You’re heading on a road trip with your family, and you just blew a tire in Ocala, Florida. You’ve never been to Ocala, Florida, but now you’ve got to find a tire shop that’s open on a Saturday afternoon to help get you on your way.
What do you do?
If you’re like 80% of smart phone users, you pull out your phone and open Google, or maybe even Google Maps, and search for “tire repair.” You quickly find that Bob’s Tire Repair Shop is just down the street, and they’re open until 5:30 pm. They’ve even got 42 great ratings from happy customers, so you feel confident they’ll be able to help you. Success!
Aren’t you happy that Google knew you were in Ocala, Florida and didn’t return a list of tire shops in Santa Fe, New Mexico or Boise, Idaho? This is local SEO.
Local search engine optimization (or, local SEO) is the art of optimizing listings on a variety of platforms that help users find you when they’re searching from specific location.
It seems so obvious, doesn’t it? Local SEO is one of the most important aspects of optimizing your brick-and-mortar business’ digital presence. In fact, 78 percent of local searches on mobile devices result in offline purchases. That’s a ridiculous number to ignore!
Much like standard SEO, there are a huge number of factors that contribute to rankings in local results. It can certainly be overwhelming, but you need to at least begin to consider most of the following.
Start with Google Places for Business
As with all things search, Google reigns supreme in local SEO with their Maps listings.
(Fun fact: SEO professionals call the local listings that appear right within the Google search results “The Local Pack.” Until very recently, there were always 7 results showing (you may have heard these referred to as “the 7 pack”), but now there are just 3. This is going to hurt any businesses that were in the 4th position or lower, but should help any businesses in the top 3 immensely.)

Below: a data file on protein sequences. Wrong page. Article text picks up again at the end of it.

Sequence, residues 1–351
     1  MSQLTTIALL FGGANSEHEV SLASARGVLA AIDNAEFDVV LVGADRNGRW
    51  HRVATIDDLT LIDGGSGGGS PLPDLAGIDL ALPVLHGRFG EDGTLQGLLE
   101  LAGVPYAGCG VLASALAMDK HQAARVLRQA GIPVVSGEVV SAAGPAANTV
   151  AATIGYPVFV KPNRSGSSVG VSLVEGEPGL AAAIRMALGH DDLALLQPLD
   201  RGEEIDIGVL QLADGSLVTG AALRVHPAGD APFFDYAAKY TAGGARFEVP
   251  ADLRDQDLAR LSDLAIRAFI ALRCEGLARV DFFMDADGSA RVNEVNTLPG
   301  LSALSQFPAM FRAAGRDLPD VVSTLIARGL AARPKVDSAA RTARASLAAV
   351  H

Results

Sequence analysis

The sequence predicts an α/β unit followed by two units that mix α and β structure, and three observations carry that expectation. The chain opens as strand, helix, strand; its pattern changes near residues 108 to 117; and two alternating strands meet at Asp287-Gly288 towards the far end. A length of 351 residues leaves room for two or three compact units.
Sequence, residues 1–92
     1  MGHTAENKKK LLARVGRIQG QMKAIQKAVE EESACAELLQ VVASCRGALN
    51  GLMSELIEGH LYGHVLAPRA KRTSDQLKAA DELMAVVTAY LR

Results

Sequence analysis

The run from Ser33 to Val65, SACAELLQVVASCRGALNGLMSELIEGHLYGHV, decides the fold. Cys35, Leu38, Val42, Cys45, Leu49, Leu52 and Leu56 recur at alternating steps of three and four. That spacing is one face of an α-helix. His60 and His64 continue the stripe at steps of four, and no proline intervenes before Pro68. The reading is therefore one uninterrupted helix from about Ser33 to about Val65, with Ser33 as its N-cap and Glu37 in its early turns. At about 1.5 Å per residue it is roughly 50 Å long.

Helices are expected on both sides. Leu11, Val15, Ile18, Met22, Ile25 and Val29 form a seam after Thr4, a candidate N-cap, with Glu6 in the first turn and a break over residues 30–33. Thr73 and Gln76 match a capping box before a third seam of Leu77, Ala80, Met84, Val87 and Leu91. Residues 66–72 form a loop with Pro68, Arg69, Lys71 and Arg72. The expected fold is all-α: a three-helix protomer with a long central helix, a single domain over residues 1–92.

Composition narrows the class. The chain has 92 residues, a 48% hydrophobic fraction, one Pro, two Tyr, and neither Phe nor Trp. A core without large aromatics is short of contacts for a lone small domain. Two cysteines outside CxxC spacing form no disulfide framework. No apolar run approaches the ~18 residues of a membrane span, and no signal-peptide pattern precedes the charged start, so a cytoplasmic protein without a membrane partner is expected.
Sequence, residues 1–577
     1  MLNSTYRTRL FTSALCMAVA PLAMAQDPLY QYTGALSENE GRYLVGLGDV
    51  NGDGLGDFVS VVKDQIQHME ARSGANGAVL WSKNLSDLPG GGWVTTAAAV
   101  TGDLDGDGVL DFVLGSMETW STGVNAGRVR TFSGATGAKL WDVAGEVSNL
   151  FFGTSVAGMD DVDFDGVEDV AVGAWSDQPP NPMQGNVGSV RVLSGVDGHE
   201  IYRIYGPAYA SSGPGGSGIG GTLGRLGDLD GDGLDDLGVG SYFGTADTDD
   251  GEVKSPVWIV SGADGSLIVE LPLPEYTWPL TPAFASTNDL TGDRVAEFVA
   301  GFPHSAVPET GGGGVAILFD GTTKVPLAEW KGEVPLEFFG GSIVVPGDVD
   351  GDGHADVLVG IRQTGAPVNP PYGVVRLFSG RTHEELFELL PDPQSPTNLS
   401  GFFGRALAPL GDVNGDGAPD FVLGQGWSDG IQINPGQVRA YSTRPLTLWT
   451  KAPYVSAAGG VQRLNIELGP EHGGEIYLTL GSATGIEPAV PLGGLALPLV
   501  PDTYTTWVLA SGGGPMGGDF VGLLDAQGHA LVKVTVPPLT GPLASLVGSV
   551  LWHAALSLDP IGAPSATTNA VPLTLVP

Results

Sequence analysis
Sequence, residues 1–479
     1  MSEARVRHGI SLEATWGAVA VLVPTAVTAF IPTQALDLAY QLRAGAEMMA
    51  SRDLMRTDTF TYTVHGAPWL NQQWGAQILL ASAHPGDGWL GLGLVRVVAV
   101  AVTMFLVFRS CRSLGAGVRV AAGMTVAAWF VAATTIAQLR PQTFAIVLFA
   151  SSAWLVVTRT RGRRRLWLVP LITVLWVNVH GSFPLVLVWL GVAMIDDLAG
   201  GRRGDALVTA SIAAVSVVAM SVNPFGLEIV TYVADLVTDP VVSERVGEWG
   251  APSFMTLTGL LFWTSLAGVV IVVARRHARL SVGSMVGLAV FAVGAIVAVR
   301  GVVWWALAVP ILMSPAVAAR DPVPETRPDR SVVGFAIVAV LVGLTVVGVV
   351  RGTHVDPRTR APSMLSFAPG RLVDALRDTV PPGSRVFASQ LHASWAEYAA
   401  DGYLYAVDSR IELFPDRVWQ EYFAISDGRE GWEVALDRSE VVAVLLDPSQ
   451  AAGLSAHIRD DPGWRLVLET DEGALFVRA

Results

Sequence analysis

Head to Google My Business and make sure your contact information, hours, and all profile details are as complete as possible. Upload a few photos, and be sure to select relevant categories. Most local searches are for specific businesses, but the second most popular search is for specific categories (like tire repair), so you’ll want to optimize for both approaches.
Take a minute right now (we’ll wait here) to try some local searches. Sign out of Google (if you are signed in) or open an incognito browser window. Search for your geographic location and industry terms and see how your site is ranking. Does it make the Local Pack?
The only way to break into the Local Pack is to make sure your Google Business listings are as complete as possible, and to gather as many great ratings and reviews as possible – so get to work!
Take a Look at Your Website
SEO isn’t just about map listings. Search engines also take into account the actual cities and locations that are listed in the contact information on your website. In fact, a properly optimized website could account for up to 18% of what Google considers when determining which sites to show in local search results.
While an entire post could be written about any one of these suggestions (and maybe we will!), start by doing the following few things on your website.